Prabhupāda: Air from the ether because when the air blows, you find the sound, sshhhh. That is ether.

Hari-śauri: Yeah, like thunder, or. . .

Harikeśa: But the example's got to go the other way. From the ether comes the air.

Prabhupāda: That you found out, example. But this is the proof there is ether within the air. That example is given many times in Bhagavad-gītā.

Passerby: Haribol!

Prabhupāda: Hare Kṛṣṇa.

Haṁsadūta: Does it mean beyond the ether there's no sound?

Prabhupāda: Beyond the ether there is mind, there is mind.

Haṁsadūta: There's no sound?

Prabhupāda: No, where is the sound of the mind? Everyone knows you have mind, I have mind, but where is the sound of the mind?

Harikeśa: There's subtle, then, and gross has no realm in the subtle?

Prabhupāda: Yes, that is finer.

Harikeśa: So is that example of the space, then the thinner air, and the air, and the water and the earth, and in between electricity. . .

Prabhupāda: The grosser, grosser. . .

Harikeśa: Is that a good example?

Prabhupāda: Everything is coming from the subtle form, finer. Finer than the ether is the mind, and finer than the mind is intelligence.

Harikeśa: Oh, and in the Bhāgavatam it also says that because the universal form desired to hear, that sound was created, and then the organ for hearing. Like that.

Prabhupāda: That is also created.

Harikeśa: So. . .

Prabhupāda: Just like from ether, sound is created. Śabda, sparśa. . . Śabda, sparśa, rūpa, rasa, gandhaḥ, these are the five parmatra(?), object of sense perception. Bhūta, pañca parmatra, ten senses, the mind, and three modes, the material nature. This is the ingredient of the whole creation.

Harikeśa: So the basic element is the soul's. . .

Prabhupāda: Basic element is Kṛṣṇa.

Harikeśa: And then the spirit soul's desire.

Prabhupāda: Yes.

Haṁsadūta: And Kṛṣṇa fulfills everyone's desire. . .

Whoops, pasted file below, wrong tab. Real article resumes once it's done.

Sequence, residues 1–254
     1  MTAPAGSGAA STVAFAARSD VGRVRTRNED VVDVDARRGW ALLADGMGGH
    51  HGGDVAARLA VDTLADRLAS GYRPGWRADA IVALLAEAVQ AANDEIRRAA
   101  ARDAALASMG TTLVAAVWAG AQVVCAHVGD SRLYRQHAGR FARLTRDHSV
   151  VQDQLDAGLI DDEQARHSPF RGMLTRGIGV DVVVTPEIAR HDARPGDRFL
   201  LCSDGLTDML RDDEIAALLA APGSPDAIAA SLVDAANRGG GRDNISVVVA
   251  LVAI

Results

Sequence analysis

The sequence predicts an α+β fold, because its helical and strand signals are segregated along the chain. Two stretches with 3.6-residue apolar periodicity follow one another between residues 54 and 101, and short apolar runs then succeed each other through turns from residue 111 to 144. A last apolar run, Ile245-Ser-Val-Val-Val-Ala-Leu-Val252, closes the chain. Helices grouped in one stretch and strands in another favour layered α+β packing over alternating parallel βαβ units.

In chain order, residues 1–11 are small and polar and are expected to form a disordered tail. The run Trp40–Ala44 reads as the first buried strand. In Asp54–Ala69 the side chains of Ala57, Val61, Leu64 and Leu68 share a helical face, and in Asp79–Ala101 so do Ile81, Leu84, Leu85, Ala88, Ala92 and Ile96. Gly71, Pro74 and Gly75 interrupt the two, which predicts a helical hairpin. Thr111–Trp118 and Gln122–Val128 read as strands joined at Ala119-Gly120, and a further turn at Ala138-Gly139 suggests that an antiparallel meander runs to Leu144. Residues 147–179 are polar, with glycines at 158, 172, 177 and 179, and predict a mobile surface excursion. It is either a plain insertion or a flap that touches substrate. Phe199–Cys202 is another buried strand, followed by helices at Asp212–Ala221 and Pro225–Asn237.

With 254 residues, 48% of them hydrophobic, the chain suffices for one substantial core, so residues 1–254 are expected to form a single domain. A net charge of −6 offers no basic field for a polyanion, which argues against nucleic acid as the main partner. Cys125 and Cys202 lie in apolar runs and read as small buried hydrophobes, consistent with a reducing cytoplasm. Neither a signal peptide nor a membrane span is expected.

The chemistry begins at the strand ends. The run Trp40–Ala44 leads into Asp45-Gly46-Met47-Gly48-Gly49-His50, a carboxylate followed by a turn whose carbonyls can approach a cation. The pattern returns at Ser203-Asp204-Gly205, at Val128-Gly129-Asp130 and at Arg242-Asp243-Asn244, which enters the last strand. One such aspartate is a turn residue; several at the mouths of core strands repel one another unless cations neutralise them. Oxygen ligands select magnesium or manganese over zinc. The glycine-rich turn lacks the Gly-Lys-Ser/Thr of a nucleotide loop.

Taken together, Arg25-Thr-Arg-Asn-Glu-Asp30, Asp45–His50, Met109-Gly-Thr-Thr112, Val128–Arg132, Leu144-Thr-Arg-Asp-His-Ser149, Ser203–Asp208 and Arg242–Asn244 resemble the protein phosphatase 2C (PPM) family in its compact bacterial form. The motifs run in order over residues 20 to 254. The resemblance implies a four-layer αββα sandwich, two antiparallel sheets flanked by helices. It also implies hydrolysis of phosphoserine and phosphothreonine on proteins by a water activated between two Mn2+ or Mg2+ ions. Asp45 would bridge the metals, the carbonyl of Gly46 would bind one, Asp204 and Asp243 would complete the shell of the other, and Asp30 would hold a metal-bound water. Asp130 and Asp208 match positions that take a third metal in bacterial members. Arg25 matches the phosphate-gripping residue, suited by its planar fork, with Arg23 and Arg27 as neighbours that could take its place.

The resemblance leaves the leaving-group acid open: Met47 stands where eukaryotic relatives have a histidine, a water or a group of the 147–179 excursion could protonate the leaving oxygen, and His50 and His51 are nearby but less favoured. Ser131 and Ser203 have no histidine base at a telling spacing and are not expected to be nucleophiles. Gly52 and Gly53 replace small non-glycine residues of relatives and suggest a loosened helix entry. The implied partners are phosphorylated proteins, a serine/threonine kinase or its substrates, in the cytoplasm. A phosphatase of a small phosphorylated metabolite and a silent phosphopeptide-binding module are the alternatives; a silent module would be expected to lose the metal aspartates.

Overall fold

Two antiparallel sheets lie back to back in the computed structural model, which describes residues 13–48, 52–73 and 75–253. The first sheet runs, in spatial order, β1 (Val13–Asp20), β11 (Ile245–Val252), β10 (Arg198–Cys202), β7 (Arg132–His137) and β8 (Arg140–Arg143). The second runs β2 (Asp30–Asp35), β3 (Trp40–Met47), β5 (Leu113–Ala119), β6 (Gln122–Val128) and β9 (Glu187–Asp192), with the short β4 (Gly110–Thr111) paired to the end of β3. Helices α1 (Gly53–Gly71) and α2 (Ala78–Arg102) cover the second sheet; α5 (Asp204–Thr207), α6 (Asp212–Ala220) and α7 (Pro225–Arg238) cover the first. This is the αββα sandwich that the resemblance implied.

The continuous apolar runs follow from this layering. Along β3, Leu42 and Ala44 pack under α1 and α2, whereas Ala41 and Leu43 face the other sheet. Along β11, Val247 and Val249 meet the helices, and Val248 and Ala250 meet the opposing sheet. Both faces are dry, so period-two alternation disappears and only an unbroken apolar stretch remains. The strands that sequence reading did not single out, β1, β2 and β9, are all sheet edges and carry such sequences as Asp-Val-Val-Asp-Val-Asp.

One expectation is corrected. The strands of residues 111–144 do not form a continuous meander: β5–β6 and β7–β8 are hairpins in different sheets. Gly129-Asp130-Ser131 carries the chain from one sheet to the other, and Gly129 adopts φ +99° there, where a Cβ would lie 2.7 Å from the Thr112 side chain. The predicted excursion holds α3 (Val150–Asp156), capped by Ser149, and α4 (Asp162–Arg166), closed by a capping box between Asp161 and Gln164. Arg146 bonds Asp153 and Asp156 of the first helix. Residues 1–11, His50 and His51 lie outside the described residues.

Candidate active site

Prabhupāda: Yes.

Haṁsadūta: . . .by manipulating the energy.

Harikeśa: So the most subtle form. . .

Prabhupāda: He is also. . . The living entity is creating different body for different enjoyment.

Haṁsadūta: The living entity?

Prabhupāda: Yes.

Haṁsadūta: But he can't do it without Kṛṣṇa.

Prabhupāda: That is. . . he is subordinate.

Haṁsadūta: Just like our hair grows, but we don't know how it's happening.

Prabhupāda: It is sanctioned. Mattaḥ sarvaṁ pravartate (BG 10.8). Everything from Kṛṣṇa.

Harikeśa: Is the most subtle form of creation the desire of the living entity to enjoy this material world?

Prabhupāda: Yes.

Harikeśa: And then Kṛṣṇa comes to fulfill it.

Prabhupāda: Supplies ingredients. Yes.

Harikeśa: Supplies ingredients. So that desire, that is equivalent to.. . . or is that the function of consciousness?

Prabhupāda: A child wants to play, and the father and mother gives the toys for that play. So without getting help from the father and mother, the child cannot enjoy. Similarly, we may desire, but unless Kṛṣṇa helps us we cannot fulfill our desire.

Harikeśa: Is desire a function of consciousness?

Prabhupāda: Yes. Unless there is desire, how it is living? It is dead body, stone. Stone has no desire.

Harikeśa: The spirit soul is. . .

Prabhupāda: Therefore, spirit soul is described as superior energy. He desires and he manipulates the matter. Yayedaṁ dhāryate jagat (BG 7.5).

Harikeśa: It's very logical, step by step by step by step. Actually, when it's seen from the point of view of the desire of the living entity, it makes perfect sense because he's got these senses and the sound, and then in order to hear, there has to be a vehicle for the sound, and then there has to be an instrument. And then in order to touch, there has to be the vehicle and the. . .

Prabhupāda: Yes.

Harikeśa: So therefore, from that point of view, it's very logical.

Prabhupāda: This is the point you have to. . .

Harikeśa: Trying to do it the other way is impossible, from the. . .

Prabhupāda: Yes.

Harikeśa: Empirical process? I don't know if that's the right word. Inductive reasoning? Deductive reasoning. Impossible.

Prabhupāda: Deductive reason is possible. Kṛṣṇa says that na jāyate na mriyate vā (BG 2.20). This is deductive: you hear from Kṛṣṇa, and this is fact. And if you want to make research how that living entity never takes birth, then it will take time, and at the same it may not be perfect.

Harikeśa: I finally understood why you were always talking to Svarūpa Dāmodara about inductive and deductive reasoning.

Prabhupāda: Yes.

Harikeśa: Because it's just not possible to go the other way.

Prabhupāda: By inductive reason you cannot reach the truth perfectly.

Harikeśa: Because it's beyond the material creation, and you have to use the material senses and mind to understand. It's not possible.

Prabhupāda: Therefore, our point is deductive. What Kṛṣṇa says, that is perfect.

Harikeśa: So first prove the existence of God and the existence of the spirit soul. . .

Prabhupāda: Yes.

Harikeśa: . . .and then, they'll just have to explain. . .

Prabhupāda: And then it's creation.

Harikeśa: And then it's creation. They'll just have to accept they have desires.